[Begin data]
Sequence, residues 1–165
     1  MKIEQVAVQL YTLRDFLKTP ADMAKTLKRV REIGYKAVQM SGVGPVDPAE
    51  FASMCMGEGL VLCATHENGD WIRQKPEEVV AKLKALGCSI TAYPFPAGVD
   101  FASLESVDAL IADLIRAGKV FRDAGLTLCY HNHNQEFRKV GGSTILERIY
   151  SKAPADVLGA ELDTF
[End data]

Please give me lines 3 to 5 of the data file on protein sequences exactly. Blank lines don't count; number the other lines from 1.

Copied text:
    51  FASMCMGEGL VLCATHENGD WIRQKPEEVV AKLKALGCSI TAYPFPAGVD
   101  FASLESVDAL IADLIRAGKV FRDAGLTLCY HNHNQEFRKV GGSTILERIY
   151  SKAPADVLGA ELDTF